UV-B radiation is the main cause of sunburn. Clearly harmful to the skin, it can, with excessive exposure, cause genetic damage, which results in problems such as skin cancer. The ozone layer (which absorbs the radiation with wavelengths from about 0.20 micron to 0.31 micron, with maximum absorption at about 0.25 micron) is more effective at screening out UV-B that most people know; for radiation with a wavelength of 0.29 micron, the intensity at the top of the atmosphere is 350 million times stronger than it is at Earth's surface. Nonetheless, some UV-B, particularly at its longest wavelengths, reaches the surface.

    Ozone is transparent to most UV-A, so most of this type of longer wavelength radiation reaches the surface and it constitutes most of the ultraviolet radiation reaching Earth’s surface. This softer type of ultraviolet radiation is significantly less harmful to DNA, though it still has the potential to cause physical damage, indirect genetic damage, and skin cancer.

    Sulfur dioxide droplets from volcanic eruptions can deplete ozone, but it would take a truly massive eruption to heave enough sulfur dioxide into the stratosphere to destroy the ozone layer. The pyroclastic flood vulcanism of the Siberian Traps may have been massive enough.

Methane Hydrate Gasification

    Permian strata in Greenland include rock layers tens of meters thick devoid of marine life. Using those layers, the geologist Paul Wignall determined that the entire extinction lasted a mere 80,000 years. The extinction appeared to kill land and marine life in three distinct phases: a brief period of almost complete extinction of marine life separated two periods of extinctions of terrestrial life. The whole process seemed to take too much time to be the result of a meteorite strike. But Wignall noticed that the carbon isotope balance in the rock showed an increase in carbon-12 relative to carbon-13 over time.

    Scientists have found evidence around the world of a swift decrease of about 1% in the ratio of C-13 to C-12 in carbonate rocks from the end of the Permian period. That change was the first, the largest, and the most rapid of a series of decreases and increases in the ratio of C-13 to C-12, a series that continued until the isotope ratio suddenly stabilized in the middle of the Triassic period. The recovery of organisms that use calcium carbonate to build hard parts, such as shells, followed soon after that stabilization. How can we account for that pattern?

    Gases from volcanic eruptions have a C-13 to C-12 ratio about 0.5 to 0.8% below standard, so volcanic eruptions by themselves will not produce a reduction of 1.0% worldwide. Of course, they will contribute their share of the change, especially the volcanic activity of the Siberian Traps.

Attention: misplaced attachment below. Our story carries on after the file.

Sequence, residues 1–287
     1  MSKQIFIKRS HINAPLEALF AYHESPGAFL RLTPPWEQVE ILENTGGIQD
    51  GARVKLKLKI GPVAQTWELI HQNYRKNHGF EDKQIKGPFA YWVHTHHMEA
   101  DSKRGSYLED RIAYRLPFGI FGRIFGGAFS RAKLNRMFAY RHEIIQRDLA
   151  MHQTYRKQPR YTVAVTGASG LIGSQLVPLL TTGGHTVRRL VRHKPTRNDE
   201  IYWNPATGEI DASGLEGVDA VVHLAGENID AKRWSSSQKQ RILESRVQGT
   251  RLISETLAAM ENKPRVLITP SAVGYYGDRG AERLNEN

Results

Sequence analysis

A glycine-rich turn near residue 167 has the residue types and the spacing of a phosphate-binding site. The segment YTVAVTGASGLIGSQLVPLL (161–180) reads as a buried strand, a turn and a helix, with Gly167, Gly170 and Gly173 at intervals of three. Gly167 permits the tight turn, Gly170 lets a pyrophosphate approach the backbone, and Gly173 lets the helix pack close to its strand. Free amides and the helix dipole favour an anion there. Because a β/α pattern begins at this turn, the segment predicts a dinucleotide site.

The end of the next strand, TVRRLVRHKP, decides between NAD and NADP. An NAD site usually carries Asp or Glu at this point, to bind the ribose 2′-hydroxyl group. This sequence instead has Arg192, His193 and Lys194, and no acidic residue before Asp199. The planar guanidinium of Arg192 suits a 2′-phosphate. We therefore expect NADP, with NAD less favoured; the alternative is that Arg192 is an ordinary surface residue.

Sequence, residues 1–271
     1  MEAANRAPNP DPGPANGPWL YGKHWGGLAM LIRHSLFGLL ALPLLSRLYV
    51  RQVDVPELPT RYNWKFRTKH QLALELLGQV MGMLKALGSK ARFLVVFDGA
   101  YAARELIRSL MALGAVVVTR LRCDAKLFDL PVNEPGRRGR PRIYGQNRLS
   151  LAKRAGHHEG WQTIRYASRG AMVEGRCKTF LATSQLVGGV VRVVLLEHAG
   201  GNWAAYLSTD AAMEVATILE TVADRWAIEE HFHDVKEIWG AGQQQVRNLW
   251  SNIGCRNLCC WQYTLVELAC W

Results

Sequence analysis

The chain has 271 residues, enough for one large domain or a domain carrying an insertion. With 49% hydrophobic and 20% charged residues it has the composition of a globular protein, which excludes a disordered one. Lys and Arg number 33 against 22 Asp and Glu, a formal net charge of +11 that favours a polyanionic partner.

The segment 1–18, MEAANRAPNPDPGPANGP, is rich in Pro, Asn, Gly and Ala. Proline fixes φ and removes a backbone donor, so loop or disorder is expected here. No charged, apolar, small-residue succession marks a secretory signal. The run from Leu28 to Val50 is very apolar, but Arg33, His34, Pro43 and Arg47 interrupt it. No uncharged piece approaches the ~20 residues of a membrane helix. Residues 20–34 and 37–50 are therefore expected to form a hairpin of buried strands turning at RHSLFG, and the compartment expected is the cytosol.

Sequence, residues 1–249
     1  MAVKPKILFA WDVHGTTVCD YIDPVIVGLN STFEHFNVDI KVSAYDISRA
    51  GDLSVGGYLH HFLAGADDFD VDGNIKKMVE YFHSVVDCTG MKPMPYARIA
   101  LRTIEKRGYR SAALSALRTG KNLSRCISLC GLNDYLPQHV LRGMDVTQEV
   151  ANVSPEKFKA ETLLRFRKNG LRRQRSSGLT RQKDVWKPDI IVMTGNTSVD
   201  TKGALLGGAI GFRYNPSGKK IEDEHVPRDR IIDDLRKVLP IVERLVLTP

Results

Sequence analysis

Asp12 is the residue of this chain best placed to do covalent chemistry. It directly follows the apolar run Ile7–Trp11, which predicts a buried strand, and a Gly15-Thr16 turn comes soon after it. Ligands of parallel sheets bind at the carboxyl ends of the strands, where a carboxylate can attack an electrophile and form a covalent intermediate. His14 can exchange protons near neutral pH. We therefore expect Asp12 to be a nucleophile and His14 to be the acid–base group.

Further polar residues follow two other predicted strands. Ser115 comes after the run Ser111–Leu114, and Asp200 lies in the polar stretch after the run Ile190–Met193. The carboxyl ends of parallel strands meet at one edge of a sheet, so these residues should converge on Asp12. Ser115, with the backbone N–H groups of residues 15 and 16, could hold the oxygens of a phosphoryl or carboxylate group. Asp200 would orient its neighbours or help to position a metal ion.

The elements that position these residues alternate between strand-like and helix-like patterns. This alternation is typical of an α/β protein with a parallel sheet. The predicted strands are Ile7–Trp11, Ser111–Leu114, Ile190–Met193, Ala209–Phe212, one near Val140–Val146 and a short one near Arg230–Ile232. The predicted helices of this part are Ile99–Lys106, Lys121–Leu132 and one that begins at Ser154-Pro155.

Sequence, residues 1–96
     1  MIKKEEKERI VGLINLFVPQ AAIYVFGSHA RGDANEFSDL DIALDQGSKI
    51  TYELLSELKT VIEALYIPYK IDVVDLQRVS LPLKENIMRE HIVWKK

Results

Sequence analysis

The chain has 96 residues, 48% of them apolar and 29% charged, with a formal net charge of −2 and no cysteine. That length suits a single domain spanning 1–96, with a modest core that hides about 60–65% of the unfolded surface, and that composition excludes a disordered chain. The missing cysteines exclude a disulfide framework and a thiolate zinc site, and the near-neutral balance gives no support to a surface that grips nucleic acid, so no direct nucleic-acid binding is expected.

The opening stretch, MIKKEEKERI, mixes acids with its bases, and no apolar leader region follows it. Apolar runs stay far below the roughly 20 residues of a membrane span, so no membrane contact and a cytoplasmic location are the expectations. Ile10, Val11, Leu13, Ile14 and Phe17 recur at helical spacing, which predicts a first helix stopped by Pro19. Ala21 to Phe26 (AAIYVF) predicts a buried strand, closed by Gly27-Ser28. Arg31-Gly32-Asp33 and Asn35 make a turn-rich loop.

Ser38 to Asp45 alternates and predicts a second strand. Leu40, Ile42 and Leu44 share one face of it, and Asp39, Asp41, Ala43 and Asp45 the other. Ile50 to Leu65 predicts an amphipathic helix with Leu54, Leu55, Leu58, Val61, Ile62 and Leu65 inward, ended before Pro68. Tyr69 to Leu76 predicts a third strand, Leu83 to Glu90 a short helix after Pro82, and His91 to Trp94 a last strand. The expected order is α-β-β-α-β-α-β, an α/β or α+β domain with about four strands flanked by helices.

A reduction in organic activity would extract C-12 more slowly from the environment and leave more of it to be dissolved and incorporated into sediments, thus reducing the C-13/C-12 ratio. Because chemical reactions are driven by the electromagnetic forces between atoms and lighter isotopes respond more readily to those forces, biochemical processes use the lighter isotopes in preference over the heavier ones. But a study of a smaller drop of 0.3 to 0.4% in the C-13/C-12 ratio at the Paleocene-Eocene Thermal Maximum (PETM; 55 million years ago) concluded that even transferring all the organic carbon (that found in organisms, in soil, and dissolved in the ocean) into sediments would be insufficient: even such a large burial of material rich in C-12 would not have produced the smaller drop in the C-13/C-12 ratio of the rocks around the PETM. The standard explanation for such a spike at the Permian–Triassic boundary – rotting vegetation – thus seems insufficient.

    Buried sedimentary organic matter has a C-13/C-12 ratio 2.0 to 2.5% below normal. In theory, then, if the sea level fell sharply, shallow marine sediments would be exposed to oxidization. But 6,500–8,400 gigatonnes (1 gigatonne = 109 metric tons) of organic carbon would have to be oxidized and returned to the ocean-atmosphere system within less than a few hundred thousand years to reduce the C-13/C-12 ratio by 1.0%. That works out to 100 megatonnes per year or less. Scientists studying the problem do not believe this to be a realistic possibility.

    Geologist Gerry Dickens has suggested that the increased carbon-12 could have been produced rapidly by the release of methane from frozen methane hydrate in the seabeds. Experiments have suggested that a rise of deep sea temperature by 5°C (9 F) would be sufficient to sublimate methane hydrate. Released from the pressures of the ocean depths, methane expands to create huge volumes of one of the most powerful of the greenhouse gases. The resulting additional 5°C rise in average temperatures would have been sufficient to kill off most of the life on earth. Strong evidence suggests the global temperatures increased by about 6°C (10.8°F) near the equator and by more at higher latitudes: a sharp decrease in oxygen isotope ratios (the ratio of O-18 to O-16) and the extinction of Glossopteris flora (Glossopteris and plants that grew in the same areas), which needed a cold climate, and its replacement by plants typical of lower paleo-latitudes.